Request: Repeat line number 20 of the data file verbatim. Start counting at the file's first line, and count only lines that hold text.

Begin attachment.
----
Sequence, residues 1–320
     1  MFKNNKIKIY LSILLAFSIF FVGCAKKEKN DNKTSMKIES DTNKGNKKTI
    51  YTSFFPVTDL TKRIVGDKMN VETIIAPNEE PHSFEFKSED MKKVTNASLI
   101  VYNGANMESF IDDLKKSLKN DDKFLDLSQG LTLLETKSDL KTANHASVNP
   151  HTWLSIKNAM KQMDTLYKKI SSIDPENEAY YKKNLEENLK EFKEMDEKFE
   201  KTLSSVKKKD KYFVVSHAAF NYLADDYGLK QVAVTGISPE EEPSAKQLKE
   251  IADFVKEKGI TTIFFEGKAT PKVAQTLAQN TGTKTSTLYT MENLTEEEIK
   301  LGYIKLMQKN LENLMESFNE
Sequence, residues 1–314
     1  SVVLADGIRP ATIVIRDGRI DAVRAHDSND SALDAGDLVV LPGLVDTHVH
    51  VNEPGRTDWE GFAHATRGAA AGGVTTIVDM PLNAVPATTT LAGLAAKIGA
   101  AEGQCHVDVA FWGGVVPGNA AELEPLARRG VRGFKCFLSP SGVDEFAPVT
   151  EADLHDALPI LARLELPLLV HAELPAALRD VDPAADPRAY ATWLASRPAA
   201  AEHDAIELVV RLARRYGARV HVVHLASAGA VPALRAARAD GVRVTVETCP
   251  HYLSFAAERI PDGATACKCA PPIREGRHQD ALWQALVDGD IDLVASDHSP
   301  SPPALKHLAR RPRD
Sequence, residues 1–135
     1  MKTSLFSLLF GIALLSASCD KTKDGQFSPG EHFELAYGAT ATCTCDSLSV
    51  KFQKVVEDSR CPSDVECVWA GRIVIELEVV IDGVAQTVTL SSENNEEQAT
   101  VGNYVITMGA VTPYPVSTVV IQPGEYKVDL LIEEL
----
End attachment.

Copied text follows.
   101  VGNYVITMGA VTPYPVSTVV IQPGEYKVDL LIEEL